The adjectives that colleagues use to describe Wendy Thomas tend to reflect her diligence. She was modest, they say, and efficient, and dignified. But the Suffolk primary teacher also approached her job with a constant smile and an obvious sense of fun.
Wendy Morris was born in Blackpool in November 1944. Fourteen years later, the family moved to her father's native South Wales. There, Wendy enrolled at Caerleon College in Newport, to study needlework. The work, however, offered little outlet for her natural liveliness and love of children. And so she decided to work as a primary teacher.
Her first post was at her own Blackpool alma mater, Norbreck Primary. Here, she demonstrated a talent for order and firmness. But she also exuded warmth and affection: she seemed always to be smiling.
She worked with reception pupils and relished the hands-on elements of this job: the painting, drawing and moulding with play dough. And the job provided an outlet for her sewing skills, too. Her classroom walls were often bedecked with colourful fabric collages.
Before long, she returned to South Wales, taking a job at Newport's Eveswell Primary, and then at nearby Monnow Primary. Here, her landlady offered to introduce her to a nice young man. That man was Alan Thomas (coincidentally a former Eveswell pupil). The pair married in 1965 and Mrs Thomas gave up work to raise their two children, Robert and Alison.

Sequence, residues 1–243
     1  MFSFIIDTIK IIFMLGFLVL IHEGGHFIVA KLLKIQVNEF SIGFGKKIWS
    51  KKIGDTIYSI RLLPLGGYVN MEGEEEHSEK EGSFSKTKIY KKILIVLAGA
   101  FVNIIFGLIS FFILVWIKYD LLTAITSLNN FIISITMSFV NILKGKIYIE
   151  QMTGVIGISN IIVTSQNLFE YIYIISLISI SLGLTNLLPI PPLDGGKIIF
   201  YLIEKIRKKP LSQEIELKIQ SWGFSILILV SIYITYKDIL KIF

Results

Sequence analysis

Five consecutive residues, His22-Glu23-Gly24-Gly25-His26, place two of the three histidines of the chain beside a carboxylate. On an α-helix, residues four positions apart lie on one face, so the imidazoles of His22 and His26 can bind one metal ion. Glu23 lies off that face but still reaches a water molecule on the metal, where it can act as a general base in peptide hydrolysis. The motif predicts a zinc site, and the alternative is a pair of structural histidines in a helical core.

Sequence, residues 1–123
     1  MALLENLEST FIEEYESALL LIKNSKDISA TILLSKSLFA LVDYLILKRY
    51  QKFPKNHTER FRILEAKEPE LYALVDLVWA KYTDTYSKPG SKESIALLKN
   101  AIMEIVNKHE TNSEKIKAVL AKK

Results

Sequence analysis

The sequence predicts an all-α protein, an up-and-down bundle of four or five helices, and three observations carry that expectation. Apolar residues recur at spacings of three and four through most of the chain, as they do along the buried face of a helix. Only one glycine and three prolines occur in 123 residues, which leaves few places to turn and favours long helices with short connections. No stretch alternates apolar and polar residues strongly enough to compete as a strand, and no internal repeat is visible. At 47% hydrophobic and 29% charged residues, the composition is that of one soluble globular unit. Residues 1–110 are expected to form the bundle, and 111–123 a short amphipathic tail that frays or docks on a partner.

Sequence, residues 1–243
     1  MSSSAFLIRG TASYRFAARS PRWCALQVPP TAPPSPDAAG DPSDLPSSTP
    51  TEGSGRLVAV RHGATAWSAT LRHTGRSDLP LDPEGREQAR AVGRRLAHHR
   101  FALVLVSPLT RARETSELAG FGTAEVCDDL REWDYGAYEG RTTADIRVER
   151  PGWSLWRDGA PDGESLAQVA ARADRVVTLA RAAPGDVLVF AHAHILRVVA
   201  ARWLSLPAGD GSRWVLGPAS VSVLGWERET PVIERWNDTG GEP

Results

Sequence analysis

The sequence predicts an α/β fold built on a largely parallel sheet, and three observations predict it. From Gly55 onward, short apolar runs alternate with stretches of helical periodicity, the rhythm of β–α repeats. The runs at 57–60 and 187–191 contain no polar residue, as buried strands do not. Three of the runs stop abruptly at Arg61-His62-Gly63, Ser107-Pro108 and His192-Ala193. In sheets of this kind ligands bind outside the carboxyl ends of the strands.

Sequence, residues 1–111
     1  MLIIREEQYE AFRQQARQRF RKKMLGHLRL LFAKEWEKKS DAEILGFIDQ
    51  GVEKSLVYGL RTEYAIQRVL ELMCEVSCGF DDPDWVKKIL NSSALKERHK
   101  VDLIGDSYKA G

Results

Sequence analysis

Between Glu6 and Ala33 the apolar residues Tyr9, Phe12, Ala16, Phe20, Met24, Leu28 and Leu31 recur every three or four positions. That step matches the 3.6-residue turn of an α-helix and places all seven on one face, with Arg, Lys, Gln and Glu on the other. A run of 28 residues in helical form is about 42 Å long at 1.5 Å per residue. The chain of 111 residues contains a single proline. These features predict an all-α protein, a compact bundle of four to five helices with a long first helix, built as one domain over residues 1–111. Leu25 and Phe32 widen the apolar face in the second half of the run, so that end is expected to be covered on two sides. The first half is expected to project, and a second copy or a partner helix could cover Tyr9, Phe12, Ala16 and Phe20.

In 1975, Alan's work took the family to Suffolk. Ten years later, Mrs Thomas returned to work, this time as reception teacher at Felixstowe's Langer Primary. Here, she regularly took a leading role in organising school events. She directed Christmas dramas and helped to set up stalls at school fetes. And she was a driving force behind the annual school disco, invariably bringing Alan along on the night itself.
She did not dance, though: that was not her style. She was modest, unassuming and invariably dignified. But she was not without a sense of humour. She would always dress up for school book week, and one year turned up at assembly as Mrs Wibble-Wobble, carrying a tray of jelly around the school hall.
She was not solely focused on her pupils: she also acted as a role model for new teachers, always making time to offer advice and reassurance. By the time she retired, in December 1999, she was Langer's coordinator of early years and key stage 1, providing a similar service for the school's head.
Though retired, she worked at a local toddlers' group for 10 years, impressing parents with her apparently boundless energy. She was always the last one to clear away toys, always the first to make teas and coffees. She kept chickens at home and regularly brought in baskets of eggs for the children; they began calling her "the chicken lady".
So energetic was she, in fact, that many toddler-group parents were astonished to discover that Mrs Thomas had been diagnosed with ovarian cancer in 2006. She died on 2 August.